Improving Social Skills in Children with Asperger Syndrome

Asperger Syndrome can be a challenging, difficult diagnosis to deal with.  While many of the causes behind Asperger Syndrome are unknown, there are many therapies that you can do to increase social success in your child.

Children with Aspergers Syndrome have a difficult time understanding other children’s social interactions.  Interpreting implied sayings and physical gestures can prove to be a challenge.  While there are many therapies that you can involve your child in to assist with the everyday tasks, bringing therapy that you can practice into the home is paramount to success.

While children with Aspergers Syndrome may not have a speech delay, they may have a hard time interacting with others.  This may include difficulty understanding physical cues from others, taking turns in conversation, and branching their knowledge out to subjects they aren’t familiar with.

When you are working with your child on social skills, try to avoid implied sayings.  If your child is old enough, try to educate them on what these sayings mean.  These can be difficult to grasp, as those that suffer from Aspergers tend to have problems understanding non-literal language.

Conversational work will also pay off in the long run.  When conversing with a child with Aspergers, many times they will want to focus on subjects that they know well.  They also may have difficulty knowing when to take a turn in a conversation, or may interrupt to express their views on a subject.  Having a physical item connected to the conversation (Like a toy or ball) is a great way to teach the connection of a turn during a conversation.  The person talking gets the toy.  When their turn is up, or they want feedback, they pass the toy to the other child, and vice versa.  Using a timer may also assist children in knowing when to take turns in a conversation.  When the timer goes off, it is the other person’s turn to weigh in on the conversation.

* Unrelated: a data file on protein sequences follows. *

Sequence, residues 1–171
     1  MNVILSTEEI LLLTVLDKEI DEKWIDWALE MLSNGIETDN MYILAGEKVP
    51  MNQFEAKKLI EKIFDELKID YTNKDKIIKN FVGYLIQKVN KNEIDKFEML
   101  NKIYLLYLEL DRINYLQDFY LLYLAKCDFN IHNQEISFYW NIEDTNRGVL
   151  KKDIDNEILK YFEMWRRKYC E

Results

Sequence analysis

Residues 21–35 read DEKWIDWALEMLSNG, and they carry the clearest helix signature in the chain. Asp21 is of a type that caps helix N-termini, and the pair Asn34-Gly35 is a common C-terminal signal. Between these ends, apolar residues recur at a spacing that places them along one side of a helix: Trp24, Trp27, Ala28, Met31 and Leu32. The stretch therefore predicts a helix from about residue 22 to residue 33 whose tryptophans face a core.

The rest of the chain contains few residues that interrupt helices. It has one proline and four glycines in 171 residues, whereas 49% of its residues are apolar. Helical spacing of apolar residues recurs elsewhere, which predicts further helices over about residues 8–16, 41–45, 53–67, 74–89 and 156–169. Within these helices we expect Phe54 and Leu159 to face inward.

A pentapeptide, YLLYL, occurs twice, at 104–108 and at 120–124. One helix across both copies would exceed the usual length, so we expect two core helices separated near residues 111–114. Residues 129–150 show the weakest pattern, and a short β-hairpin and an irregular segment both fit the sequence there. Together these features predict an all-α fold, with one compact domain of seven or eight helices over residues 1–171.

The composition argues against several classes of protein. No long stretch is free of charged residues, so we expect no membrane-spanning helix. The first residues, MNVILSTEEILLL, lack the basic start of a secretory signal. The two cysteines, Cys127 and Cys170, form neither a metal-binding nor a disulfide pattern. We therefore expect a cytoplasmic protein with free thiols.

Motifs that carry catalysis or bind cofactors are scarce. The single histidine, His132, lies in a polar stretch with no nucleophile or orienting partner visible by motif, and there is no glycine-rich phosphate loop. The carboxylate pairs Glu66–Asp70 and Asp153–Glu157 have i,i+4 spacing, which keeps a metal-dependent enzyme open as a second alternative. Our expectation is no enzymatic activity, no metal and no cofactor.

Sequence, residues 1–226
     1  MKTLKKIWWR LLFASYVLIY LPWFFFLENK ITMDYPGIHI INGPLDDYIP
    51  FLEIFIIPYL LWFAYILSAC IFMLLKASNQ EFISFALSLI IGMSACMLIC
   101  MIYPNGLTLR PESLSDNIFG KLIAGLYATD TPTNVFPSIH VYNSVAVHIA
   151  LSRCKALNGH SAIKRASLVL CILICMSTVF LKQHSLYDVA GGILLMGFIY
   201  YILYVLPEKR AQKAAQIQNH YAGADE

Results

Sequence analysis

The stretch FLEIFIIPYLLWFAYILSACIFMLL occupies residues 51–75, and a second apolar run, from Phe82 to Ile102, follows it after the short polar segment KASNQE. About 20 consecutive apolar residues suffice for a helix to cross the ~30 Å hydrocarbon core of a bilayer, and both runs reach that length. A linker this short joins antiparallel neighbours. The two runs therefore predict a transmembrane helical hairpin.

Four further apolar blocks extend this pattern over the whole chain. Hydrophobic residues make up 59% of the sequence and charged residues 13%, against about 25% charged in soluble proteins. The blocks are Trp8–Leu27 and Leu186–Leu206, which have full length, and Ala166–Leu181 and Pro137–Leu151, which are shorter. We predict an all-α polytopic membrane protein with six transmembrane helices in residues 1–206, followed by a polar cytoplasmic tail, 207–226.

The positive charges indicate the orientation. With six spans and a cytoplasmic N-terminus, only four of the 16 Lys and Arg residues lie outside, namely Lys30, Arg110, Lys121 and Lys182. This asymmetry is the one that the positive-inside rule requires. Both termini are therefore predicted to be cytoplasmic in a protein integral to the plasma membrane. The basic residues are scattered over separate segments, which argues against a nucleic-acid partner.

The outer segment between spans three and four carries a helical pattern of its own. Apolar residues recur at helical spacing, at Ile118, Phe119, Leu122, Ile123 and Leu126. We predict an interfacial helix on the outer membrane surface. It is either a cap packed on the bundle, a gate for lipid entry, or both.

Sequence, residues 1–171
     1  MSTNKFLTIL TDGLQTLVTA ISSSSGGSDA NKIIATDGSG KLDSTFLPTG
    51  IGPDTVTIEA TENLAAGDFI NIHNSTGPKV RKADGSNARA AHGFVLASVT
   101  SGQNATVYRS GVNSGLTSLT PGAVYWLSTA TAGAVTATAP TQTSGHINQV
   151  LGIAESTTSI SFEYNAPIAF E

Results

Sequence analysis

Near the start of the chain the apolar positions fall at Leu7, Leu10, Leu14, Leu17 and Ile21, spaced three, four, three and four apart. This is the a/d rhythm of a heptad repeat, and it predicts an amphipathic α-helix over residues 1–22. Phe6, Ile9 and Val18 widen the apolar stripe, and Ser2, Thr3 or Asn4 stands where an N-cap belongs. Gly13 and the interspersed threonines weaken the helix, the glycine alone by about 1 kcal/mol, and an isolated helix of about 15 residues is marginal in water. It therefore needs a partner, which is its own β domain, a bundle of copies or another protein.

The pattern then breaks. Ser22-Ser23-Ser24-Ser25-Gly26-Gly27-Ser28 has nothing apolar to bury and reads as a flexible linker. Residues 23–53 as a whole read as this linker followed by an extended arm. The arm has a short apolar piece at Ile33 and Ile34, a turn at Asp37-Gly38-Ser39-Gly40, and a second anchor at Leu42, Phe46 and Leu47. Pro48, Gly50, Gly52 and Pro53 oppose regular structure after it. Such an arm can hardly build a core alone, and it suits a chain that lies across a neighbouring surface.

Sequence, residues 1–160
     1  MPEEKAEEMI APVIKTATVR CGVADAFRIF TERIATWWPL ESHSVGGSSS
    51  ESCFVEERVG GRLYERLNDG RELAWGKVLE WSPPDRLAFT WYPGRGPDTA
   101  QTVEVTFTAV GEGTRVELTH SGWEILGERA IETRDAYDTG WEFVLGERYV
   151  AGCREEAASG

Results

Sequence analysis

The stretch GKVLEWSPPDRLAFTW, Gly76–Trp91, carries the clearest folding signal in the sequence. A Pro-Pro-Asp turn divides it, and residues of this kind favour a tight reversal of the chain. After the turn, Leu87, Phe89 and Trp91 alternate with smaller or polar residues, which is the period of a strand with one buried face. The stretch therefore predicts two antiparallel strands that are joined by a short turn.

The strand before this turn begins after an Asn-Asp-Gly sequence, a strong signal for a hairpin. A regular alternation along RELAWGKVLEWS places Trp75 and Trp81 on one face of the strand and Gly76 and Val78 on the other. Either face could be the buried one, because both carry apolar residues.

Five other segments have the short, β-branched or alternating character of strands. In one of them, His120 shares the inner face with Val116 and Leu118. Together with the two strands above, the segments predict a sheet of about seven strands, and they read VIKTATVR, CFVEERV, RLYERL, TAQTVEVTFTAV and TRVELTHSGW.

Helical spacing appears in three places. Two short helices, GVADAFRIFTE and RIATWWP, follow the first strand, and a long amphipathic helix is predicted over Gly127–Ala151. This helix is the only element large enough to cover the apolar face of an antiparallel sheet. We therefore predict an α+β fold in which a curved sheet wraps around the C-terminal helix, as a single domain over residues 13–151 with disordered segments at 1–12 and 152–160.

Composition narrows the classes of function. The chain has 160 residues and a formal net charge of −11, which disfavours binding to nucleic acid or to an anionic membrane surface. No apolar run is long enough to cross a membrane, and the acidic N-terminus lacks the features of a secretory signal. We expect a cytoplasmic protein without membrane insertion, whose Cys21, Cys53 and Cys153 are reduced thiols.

Since many children with Aspergers have a hard time talking about subjects that they don’t know well, try to give your child information on other subjects to talk about.  This will help them weigh in on conversations they may otherwise miss out on or interrupt in order to speak on something they know.  Magazines, books, and online programs can help familiarize your child with other interests.  This can also teach them the natural progression of a conversation, and that if they wait their turn, they can weigh in on subjects that interest them.

Games may be hard for children with Aspergers as well.  Board games are a wonderful way to encourage interaction as well as taking turns.  Choose a simple game like chess or a card game.

Flash cards with displayed emotions and gestures may also help a child recognize cues that may go unnoticed.  Displeasure, happiness, anger, and sadness are just a few.  You can also use these for gestures like hugs, handshakes, and high fives.

Social skills are essential to a child’s development.  While outside therapy will help, bringing skills and therapy into the home is key to implanting skills and keeping these therapies in practice with your child.